The Secretary of State to the Dominican Minister (Despradel)

Sir: Your note of October 20, 1931, advising me of the critical difficulties with which the Dominican Republic is faced, has had my most careful and sympathetic consideration, and I have been much impressed by the gravity of the situation as set forth by you. The reports which I have received from other sources all show that the Dominican Government is passing through a most grave and difficult period.

I have noted that your Government is convinced that in the present critical emergency something must be done to relieve the situation and that accordingly your Government proposes to submit to the Dominican Congress a law, the adoption of which will result in making additional sums of approximately $100,000. per month available for the expenses of the Dominican Republic. This, you state, will necessarily result in the failure of the Dominican Government to pay the amortization on the external loans.

The step the Dominican Government proposes to take is a most serious one. It must necessarily adversely affect the credit of that Government. I am convinced that the gravity of this step is fully appreciated by your Government. The efforts made by the Dominican Government during the last year of grave depression which was made even more difficult by the disastrous hurricane that destroyed the city of Santo Domingo in September, 1930, are evidence of the desire of the Dominican Government to meet fully and promptly its financial engagements. The sacrifices and efforts made by the Dominican people during the last year are inspiring and, while it is to be regretted that the protracted depression has robbed these efforts of the success which they merited, they have nevertheless firmly set forth the determination of the Dominican people to live up to their obligations and have entitled them to all possible consideration.

I have noted specifically that it is the amortization payments of the external loans that your Government now proposes to defer for the time being, but that the interest on these loans will be met regularly. The continuance of interest payments is of the utmost importance to Dominican credit and to prevent even greater hardship to the bondholders. You point out that the amortization payments in question are extremely onerous. This Department felt that the amortization provision of the 1926 bonds was unwise at the time the loan was contracted and your Government will recall that the American bankers concerned also counseled against it. This provision was inserted on account of the very understandable desire of the Dominican Government to have the Customs Receivership limited to as short a period [Page 132] as possible, a desire with which this Government was then and remains in hearty sympathy. The measure now proposed by the Dominican Government will necessarily extend the life of the Receivership of Customs for so long a period as the amortization payments are held in abeyance, and I assume you have taken this into consideration in arriving at your decision.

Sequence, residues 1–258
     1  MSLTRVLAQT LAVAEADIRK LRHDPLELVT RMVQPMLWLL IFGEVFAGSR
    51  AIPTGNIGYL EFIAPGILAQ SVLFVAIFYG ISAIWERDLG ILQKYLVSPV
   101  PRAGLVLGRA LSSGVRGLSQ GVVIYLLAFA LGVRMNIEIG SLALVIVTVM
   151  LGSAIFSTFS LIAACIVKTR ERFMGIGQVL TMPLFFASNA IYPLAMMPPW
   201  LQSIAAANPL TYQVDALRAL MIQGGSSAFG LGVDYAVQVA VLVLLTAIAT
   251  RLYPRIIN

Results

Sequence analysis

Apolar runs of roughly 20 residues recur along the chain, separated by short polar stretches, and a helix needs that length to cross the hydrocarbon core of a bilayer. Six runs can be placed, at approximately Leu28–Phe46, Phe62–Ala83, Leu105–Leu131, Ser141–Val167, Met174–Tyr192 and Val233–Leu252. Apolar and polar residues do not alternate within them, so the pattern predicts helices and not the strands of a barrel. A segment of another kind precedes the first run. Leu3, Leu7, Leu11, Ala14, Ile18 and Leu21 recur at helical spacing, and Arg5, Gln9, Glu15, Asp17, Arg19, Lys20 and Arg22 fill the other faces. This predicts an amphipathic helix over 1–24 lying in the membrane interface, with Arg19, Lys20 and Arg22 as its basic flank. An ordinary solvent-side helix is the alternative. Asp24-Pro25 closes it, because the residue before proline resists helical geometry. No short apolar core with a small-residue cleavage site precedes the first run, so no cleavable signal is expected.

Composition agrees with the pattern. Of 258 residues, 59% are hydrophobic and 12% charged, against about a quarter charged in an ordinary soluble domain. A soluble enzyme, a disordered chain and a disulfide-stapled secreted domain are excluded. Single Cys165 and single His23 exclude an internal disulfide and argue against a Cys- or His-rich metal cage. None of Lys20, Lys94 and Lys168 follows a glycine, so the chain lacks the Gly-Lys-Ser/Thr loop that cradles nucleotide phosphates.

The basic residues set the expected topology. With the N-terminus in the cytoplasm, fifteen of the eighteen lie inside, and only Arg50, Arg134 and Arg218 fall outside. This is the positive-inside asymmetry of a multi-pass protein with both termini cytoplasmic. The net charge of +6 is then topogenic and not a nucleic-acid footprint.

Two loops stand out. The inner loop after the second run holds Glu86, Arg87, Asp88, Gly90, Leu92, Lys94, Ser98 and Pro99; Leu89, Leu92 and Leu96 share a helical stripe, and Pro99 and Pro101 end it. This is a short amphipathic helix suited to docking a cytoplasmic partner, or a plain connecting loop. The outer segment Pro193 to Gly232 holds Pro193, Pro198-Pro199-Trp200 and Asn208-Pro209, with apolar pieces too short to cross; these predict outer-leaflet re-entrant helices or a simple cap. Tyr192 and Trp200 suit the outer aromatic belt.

I have also noted that your Government recognizes that the step it proposes to take is contrary to the provisions of the Treaty signed December 27, 1924, between the United States and the Dominican Republic, and also the Loan Contract contained in the bonds and in the agreement with the bankers acting as fiscal agents of the loan, but that your Government insists that the maintenance and continuance of government and orderly procedure in the Dominican Republic upon which the ultimate payment of your obligations depends, requires your Government to take this action. I understand that it is the firm intent of the Dominican Government to make as soon as possible the payments which are now to be deferred. This is essential in order that the effect on Dominican credit may be but temporary. I also note that the additional funds made available will be spent with the greatest care in maintaining vital Governmental functions and that your Government feels compelled to meet the difficulties that have arisen by the proposed measure as a last resort.

It is with an understanding of the special circumstances which you point out that the policy of this Government will be guided.

Accept [etc.]

Henry L. Stimson